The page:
The takeaway, cardiologist McEvoy says, is what you probably already knew: If you choose to drink alcohol, stick to moderate levels of drinking, and don’t overdo it.
“We’re not talking about going out and drinking yourself merry and then expecting good heart outcomes”
But exactly how much is heavy drinking? The European Society of Cardiology recommend
restricting alcohol intake to a maximum of 100 g per week (a standard drink contains 8 to 14 g)
A study from the European Society of Cardiology found that:
Drinking alcohol during adolescence to young adulthood is associated with accelerated arterial stiffening, a precursor to cardiovascular disease.
How does alcohol affect your mind?
The UK Mental Health Foundation recognises the effect on mental health. The website says:
“We often drink alcohol to change our mood. Some people drink to deal with fear or loneliness, but the effect is only temporary.
“When the drink wears off, you feel worse because of the way alcohol withdrawal symptoms affect your brain and the rest of your body. Drinking is not a good way to manage difficult feelings.
“Apart from the damage too much alcohol can do to your body, you would need more and more alcohol each time to feel the same short-term boost. There are healthier ways of coping with tough times.”
Alcohol Change UK says:
“Depression is one of the most common mental health problems, with around one in ten people suffering in the UK in any year. Depression and heavy drinking have a mutually reinforcing relationship – meaning that either condition increases a person’s chances of experiencing the other.
“For that reason, managing your alcohol intake is one way of reducing your risk of developing depression. If you do experience depression, reducing the amount you drink may help to manage symptoms.”
Is a small amount of alcohol OK when pregnant?
According to a study by Vanderbilt University Medical Center researchers each week a woman consumes alcohol during the first five to 10 weeks of pregnancy is associated with an incremental 8% increase in risk of miscarriage.
And it’s not just miscarriages. The NHS website says:
” if you’re pregnant or planning to become pregnant, the safest approach is not to drink alcohol at all to keep risks to your baby to a minimum. Drinking in pregnancy can lead to long-term harm to the baby, with the more you drink, the greater the risk.”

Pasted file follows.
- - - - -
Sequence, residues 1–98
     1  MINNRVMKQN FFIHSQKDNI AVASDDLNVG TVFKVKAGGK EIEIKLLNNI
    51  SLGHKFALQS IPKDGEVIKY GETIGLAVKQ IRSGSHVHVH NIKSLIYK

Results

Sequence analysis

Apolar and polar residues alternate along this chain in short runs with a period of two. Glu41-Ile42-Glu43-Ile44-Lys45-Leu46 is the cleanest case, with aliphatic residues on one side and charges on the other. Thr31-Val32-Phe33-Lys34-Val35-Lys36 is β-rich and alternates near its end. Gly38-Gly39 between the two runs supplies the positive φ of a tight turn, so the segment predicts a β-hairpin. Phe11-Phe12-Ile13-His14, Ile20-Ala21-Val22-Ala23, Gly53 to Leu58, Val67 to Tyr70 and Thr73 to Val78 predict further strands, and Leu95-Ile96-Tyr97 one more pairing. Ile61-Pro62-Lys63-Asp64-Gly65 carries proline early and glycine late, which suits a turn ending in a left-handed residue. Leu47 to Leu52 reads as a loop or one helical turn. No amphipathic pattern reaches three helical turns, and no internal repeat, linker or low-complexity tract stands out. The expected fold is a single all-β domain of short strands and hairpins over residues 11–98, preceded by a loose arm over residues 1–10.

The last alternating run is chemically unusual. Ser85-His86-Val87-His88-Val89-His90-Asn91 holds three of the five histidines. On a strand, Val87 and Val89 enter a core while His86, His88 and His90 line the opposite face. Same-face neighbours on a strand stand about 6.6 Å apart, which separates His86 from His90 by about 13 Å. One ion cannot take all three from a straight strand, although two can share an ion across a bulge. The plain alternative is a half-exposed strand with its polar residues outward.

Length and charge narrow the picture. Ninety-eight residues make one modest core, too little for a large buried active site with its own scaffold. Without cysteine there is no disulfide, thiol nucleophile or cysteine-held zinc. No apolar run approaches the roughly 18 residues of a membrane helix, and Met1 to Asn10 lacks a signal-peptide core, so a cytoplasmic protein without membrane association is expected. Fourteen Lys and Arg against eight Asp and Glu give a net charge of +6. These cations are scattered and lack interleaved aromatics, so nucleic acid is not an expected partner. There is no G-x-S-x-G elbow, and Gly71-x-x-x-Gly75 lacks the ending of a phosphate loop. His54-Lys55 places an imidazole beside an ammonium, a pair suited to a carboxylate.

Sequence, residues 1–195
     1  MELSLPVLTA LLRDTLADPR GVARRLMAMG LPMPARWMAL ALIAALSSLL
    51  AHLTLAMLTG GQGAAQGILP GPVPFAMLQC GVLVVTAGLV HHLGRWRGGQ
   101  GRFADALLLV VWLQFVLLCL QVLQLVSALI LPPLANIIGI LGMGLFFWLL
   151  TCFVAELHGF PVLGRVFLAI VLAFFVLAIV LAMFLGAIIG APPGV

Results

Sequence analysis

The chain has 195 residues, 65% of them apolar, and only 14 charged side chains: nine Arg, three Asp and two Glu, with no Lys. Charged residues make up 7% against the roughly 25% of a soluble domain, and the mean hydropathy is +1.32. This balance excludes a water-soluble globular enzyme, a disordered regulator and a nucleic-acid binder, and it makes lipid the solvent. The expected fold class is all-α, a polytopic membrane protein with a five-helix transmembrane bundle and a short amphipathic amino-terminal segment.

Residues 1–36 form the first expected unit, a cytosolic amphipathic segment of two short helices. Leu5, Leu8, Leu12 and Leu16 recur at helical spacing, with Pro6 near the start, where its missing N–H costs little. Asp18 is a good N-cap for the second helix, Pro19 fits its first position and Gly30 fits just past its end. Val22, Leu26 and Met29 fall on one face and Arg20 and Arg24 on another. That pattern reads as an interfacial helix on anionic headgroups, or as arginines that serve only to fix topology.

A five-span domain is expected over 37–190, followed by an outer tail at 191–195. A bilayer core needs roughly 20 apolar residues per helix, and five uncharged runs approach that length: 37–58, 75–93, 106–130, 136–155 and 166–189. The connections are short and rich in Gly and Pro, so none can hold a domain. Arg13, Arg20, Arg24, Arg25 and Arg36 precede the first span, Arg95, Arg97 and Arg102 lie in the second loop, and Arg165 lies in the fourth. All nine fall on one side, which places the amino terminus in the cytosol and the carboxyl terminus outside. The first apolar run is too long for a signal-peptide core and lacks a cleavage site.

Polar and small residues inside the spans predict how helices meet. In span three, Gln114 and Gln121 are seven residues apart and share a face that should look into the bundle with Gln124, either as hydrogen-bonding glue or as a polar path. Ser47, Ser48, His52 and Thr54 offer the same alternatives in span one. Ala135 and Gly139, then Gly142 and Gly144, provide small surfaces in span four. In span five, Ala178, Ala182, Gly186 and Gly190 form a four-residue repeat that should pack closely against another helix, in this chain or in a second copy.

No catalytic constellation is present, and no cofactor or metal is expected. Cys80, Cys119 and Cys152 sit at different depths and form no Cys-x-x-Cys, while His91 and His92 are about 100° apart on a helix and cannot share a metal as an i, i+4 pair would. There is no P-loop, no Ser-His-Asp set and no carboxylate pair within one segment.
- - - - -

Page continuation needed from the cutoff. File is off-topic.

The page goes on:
Some studies have suggested that a small amount of alcohol while pregnant is safe for the baby, but many women find it easier to stop drinking altogether than to drink just a small amount.
How does alcohol affect your loved ones?
Sadly you are not just affecting yourself when you drink excessively. Each year, one in five U.S. adults — an estimated 53 million people — experience harm because of someone else’s drinking, according to research in the Journal of Studies on Alcohol and Drugs.
According to the study — an analysis of U.S. national survey data — some 21% of women and 23% of men, an estimated 53 million adults, experienced harm because of someone else’s drinking in the last 12 months. These harms could be threats or harassment, ruined property or vandalism, physical aggression, harms related to driving, or financial or family problems. The most common harm was threats or harassment, reported by 16% of survey respondents.
Alcohol Change UK says:
“If you come to rely on alcohol to manage your mental health issues, that reliance can itself become a problem. You may well find that your drinking starts to get in the way of other activities and puts a strain on your relationships – both things that can undermine your mental wellbeing. “
If you need help, there are many offline and online ways to get help. It may not be easy, but it will be so worthwhile. Saying “no” to alcohol could be one of the best things you do for yourself and for those you love. If you routinely use alcohol as a reward, this can be a slippery slope to serious alcohol problems.
Check out my blog post on rewarding yourself without using alcohol.